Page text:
|Publication number||US4116295 A|
|Application number||US 05/735,307|
|Publication date||Sep 26, 1978|
|Filing date||Oct 26, 1976|
|Priority date||Feb 18, 1976|
|Publication number||05735307, 735307, US 4116295 A, US 4116295A, US-A-4116295, US4116295 A, US4116295A|
|Inventors||Frederick C. Booth|
|Original Assignee||Booth Frederick C|
|Export Citation||BiBTeX, EndNote, RefMan|
|Patent Citations (11), Referenced by (10), Classifications (11)|
|External Links: USPTO, USPTO Assignment, Espacenet|
This is a continuation of application Ser. No. 659,172, filed Feb. 18, 1976, which in turn is a continuation of application Ser. No. 246,620, filed Apr. 24, 1972.
This invention relates to safety seatbelt systems, and more particularly to a retractor system having electrical means for automatically unlocking a seatbelt retractor to allow the belt to be freely extended by the occupant before and during normal vehicle operating conditions upon occupancy of the seat at which the seatbelt is employed, but which automatically locks the retractor to prevent belt extension in response to certain abnormal vehicle conditions.
Emergency locking vehicle seatbelt systems of the prior art allow an occupant of the belt to perform normal body motions within the vehicle in a relatively unrestrained manner because the seatbelt can be freely extended and retracted to accommodate his motions. A retractor locking mechanism, or some other means operable to prevent belt extension, is provided for automatically preventing belt extension in response to an abnormal vehicular condition, such as a sudden acceleration, or deceleration, or an abnormal vehicle orientation. These conditions are normally associated with an accident in which it is desirable to restrain the vehicle's occupant against a sudden change in position within the passenger compartment of the vehicle.
Usually prior art automatic locking mechanisms employ some form of mechanical device for automatically locking or unlocking the retractor in response to a predetermined change in motion of either the vehicle or of the belt. A few automatic locking retractors of the prior art employ an electrical actuator such as a solenoid for locking or unlocking the retractor. The problem is that it is necessary for the locking mechanism to be locked in response to an abnormal condition. This abnormal condition could occur simultaneously with a failure of the vehicle's electrical system which would deenergize the solenoid.
A system utilizing a solenoid has been disclosed in U.S. Pat. No. 3,610,361. In that system, the retractor is normally unlocked to allow belt extension. The solenoid unlocks the retractor when the ignition circuit is energized to allow the user to adjust the length of the belt, so adjustment of the belt cannot be made until after ignition.
The broad purpose of the present invention is to provide an emergency-locking seatbelt retractor having an electrically actuated lock that is automatically unlocked as the occupant sits in the seating position, and automatically locked in response to certain predetermined vehicular conditions. Two embodiments of the invention are disclosed. One is in the form of a rotary retractor that is suited for mounting on the vehicle's floor. The other is in the form of a novel linear retractor that is adapted for mounting in other portions of the vehicle, as in the seat back where only a relatively flat storage space is available.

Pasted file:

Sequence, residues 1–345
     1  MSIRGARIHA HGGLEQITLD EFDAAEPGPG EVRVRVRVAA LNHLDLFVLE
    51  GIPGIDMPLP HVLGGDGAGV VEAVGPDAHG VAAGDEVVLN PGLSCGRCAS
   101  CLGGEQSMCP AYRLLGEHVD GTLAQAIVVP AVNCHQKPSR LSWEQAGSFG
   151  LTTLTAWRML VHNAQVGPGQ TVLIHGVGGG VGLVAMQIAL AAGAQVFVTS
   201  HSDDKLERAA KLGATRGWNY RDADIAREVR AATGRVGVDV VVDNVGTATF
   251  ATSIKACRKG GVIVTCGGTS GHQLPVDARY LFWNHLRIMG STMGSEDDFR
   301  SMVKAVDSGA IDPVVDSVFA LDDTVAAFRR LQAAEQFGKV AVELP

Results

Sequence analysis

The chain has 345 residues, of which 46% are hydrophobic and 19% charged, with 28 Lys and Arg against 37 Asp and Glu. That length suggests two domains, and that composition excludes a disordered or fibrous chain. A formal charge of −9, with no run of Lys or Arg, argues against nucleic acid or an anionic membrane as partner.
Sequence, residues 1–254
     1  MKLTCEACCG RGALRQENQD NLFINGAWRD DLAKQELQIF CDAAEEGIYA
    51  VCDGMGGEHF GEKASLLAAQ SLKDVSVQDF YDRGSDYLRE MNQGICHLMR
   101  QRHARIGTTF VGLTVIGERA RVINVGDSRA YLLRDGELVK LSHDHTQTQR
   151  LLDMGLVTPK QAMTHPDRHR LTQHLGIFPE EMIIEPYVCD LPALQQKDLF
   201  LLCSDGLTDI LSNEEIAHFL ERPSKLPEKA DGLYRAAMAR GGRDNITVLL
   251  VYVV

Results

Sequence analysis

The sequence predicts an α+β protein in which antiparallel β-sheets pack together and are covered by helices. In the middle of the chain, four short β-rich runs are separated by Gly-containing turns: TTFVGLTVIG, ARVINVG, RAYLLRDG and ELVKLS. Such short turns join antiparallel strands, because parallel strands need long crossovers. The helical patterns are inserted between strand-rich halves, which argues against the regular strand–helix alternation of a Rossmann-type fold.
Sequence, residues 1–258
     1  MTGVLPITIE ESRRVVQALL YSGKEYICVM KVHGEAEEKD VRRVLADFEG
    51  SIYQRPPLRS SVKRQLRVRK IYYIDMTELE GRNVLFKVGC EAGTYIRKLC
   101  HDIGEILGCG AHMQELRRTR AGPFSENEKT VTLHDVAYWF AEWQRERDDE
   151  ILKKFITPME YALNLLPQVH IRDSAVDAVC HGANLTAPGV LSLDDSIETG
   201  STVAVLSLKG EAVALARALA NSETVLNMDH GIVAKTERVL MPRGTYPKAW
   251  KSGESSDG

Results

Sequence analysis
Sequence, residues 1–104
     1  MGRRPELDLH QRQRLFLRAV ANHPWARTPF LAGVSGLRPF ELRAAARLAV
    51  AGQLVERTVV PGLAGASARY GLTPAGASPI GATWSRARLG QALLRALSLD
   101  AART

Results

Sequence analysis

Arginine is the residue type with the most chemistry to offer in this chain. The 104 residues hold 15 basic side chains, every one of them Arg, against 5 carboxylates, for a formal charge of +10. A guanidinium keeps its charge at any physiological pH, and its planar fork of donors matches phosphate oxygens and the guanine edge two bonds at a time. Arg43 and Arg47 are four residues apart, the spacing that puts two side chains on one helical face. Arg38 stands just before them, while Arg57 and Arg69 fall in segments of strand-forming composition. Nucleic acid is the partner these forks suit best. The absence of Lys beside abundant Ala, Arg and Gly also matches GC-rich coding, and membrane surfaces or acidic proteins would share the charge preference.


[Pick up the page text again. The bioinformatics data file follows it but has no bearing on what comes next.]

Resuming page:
Either embodiment can be operated by the preferred electrical circuit which includes a solenoid and a movable retractor locking member. The locking member is spring biased toward its locking position. The solenoid is connected to the locking member such that, upon being electrically energized, it moves the locking member toward its release position. The solenoid is energized concurrently with the occupant taking a seating position to utilize the particular seatbelt concerned, causing energization of an electrical circuit to allow the user to connect the belt about his body and perform body motions in a relatively unrestrained manner while the vehicle is being operated.
The circuit includes various sensing devices for detecting an abnormal vechicle condition to automatically deenergize the solenoid. When the solenoid is deenergized, the locking member snaps into its locking position to prevent belt extension. When the vehicle resumes its normal motion or orientation, the solenoid is again automatically energized after a predetermined time period to unlock the retractor.
Devices for deenergizing the solenoid include a mercury switch which is responsive to either a sudden change in vehicle momentum as an abrupt acceleration or deceleration. Another device for deenergizing the solenoid comprises a connection between the solenoid's circuit and the vehicle's braking system. The connection includes a switch that is automatically opened in response to a predetermined hydraulic pressure associated with the vehicle being suddenly braked, or as a result of simple application of the foot to open a switch actuated by movement of the brake pedal, for example.
Still further objects and advantages of the present invention will become readily apparent to those skilled in the art to which the invention pertains upon reference to the following detailed description.
The description refers to the accompanying drawings in which like reference characters refer to like parts throughout the several views and in which: